Oros, who moved from Illinois to Pennsylvania to Florida before settling back in Chicago, understands that “home is home” for many students. At the same time, he said it is important for graduates to be flexible, try new areas and not be tied to a preconceived notion of where they want to live or what company they want to work for.
Although salaries are a factor in most job searches, Parente cautioned students not to put too much weight on this factor.
“The graduate needs to understand that salaries are typically commensurate with market value, years of post-graduate experience, and individual performance on the job, as well as how their career progresses. There is great potential for both intrinsic and extrinsic awards in this career,” he said.
Once graduates do secure a residency or job, they should absorb any knowledge they can, even if it is not directly related to their specialty, Chris Casteel, MSPO, co-owner of Anew Life Prosthetics and Orthotics in Michigan, told O&P News. Casteel originally joined O&P as a part-time technician before going to graduate school to pursue the profession full-time.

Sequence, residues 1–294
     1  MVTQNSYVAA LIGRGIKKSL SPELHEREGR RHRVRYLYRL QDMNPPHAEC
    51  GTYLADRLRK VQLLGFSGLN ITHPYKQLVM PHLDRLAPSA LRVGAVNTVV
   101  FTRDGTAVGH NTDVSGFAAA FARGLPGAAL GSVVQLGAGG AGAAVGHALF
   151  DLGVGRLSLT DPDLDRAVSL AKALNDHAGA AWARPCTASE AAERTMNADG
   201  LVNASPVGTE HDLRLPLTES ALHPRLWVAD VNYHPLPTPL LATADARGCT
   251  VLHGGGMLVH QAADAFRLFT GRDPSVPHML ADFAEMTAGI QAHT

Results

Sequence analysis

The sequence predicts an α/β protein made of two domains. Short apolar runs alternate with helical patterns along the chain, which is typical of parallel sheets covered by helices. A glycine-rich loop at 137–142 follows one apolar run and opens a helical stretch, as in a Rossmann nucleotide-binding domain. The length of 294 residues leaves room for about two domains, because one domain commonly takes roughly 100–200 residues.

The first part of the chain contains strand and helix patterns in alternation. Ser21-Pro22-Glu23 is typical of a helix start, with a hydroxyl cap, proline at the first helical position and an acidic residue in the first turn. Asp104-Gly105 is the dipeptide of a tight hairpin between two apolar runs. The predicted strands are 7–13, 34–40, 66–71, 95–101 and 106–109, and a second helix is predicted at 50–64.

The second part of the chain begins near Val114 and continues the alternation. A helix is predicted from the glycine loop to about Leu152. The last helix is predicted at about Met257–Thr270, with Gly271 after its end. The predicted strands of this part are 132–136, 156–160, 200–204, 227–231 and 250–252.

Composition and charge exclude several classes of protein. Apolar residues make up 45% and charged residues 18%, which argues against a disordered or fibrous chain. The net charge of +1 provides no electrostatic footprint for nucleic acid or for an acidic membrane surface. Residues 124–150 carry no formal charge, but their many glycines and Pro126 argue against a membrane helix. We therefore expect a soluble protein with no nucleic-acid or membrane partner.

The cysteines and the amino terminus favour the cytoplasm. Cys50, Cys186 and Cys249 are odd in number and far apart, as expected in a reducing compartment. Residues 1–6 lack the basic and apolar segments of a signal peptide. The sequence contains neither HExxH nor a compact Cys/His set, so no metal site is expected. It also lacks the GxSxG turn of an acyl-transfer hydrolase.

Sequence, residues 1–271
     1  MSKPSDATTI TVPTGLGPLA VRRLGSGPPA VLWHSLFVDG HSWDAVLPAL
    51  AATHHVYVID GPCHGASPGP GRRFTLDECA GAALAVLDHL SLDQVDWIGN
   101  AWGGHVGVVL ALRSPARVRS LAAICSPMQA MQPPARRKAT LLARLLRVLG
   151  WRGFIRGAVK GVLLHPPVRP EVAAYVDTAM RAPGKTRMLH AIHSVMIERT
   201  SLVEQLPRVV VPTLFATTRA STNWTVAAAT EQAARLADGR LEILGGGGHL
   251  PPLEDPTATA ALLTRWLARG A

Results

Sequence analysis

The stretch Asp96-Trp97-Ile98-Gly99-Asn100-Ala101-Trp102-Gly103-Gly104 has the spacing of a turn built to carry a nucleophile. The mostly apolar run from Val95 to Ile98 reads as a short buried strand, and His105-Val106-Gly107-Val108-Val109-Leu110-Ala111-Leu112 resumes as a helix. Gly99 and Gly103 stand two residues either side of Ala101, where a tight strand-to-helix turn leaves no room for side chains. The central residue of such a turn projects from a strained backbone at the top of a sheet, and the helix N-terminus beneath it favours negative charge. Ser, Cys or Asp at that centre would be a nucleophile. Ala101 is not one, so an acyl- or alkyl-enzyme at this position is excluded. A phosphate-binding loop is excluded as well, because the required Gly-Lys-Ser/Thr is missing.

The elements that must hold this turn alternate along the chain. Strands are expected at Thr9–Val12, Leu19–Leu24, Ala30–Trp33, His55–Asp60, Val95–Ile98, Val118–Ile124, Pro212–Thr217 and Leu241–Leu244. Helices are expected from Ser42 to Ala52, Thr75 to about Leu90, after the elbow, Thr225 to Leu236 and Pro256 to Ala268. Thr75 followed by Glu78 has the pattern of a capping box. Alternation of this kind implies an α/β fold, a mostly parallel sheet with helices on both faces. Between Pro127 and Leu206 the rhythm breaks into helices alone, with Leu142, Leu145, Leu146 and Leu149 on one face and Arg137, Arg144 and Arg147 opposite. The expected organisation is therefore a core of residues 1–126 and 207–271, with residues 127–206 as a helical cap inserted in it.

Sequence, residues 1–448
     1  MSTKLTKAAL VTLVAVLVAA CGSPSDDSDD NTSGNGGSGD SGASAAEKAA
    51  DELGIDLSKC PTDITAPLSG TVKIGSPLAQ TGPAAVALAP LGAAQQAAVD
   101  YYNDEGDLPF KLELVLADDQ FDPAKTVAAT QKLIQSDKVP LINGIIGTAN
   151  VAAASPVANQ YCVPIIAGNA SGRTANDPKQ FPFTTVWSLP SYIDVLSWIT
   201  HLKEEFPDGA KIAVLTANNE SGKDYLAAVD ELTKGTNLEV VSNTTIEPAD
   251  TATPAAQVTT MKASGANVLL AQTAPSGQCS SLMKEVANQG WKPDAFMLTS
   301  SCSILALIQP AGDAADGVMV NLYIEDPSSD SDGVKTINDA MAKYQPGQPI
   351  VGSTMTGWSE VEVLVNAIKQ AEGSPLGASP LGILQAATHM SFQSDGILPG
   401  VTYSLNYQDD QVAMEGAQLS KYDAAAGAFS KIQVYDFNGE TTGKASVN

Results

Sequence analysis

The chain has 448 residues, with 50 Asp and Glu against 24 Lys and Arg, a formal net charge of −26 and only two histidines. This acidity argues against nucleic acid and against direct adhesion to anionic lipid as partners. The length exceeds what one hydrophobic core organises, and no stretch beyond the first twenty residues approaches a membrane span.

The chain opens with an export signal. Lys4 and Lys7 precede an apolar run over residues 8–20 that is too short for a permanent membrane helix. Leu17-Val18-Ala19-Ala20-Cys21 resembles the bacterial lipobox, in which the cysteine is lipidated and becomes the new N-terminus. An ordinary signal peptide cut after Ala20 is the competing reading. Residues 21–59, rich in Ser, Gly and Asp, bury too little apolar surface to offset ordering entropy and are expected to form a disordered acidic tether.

“Get involved with amputee support groups, volunteer for O&P limb loss events such as [the Orthotic & Prosthetic Activities Foundation’s First Clinics], understand what is going to happen, what exactly the job entails,” he said. “Everybody thinks, ‘I am going to make legs. I am going ride into town on this white horse and my life is going to be golden.’ But in reality, it is so much more.”
Graduates should explore, ask questions and seek out new information and technologies, he said, adding that certain things cannot be taught in the classroom and instead require interpersonal and hands-on experience.
“Especially billing, coding [and] understanding third-party payer policies,” Cheney said, “Schools do not have the time to teach these guidelines or paperwork. Obviously, the programs are concentrating on teaching the clinical side first, which is understandable.”
Taking a different path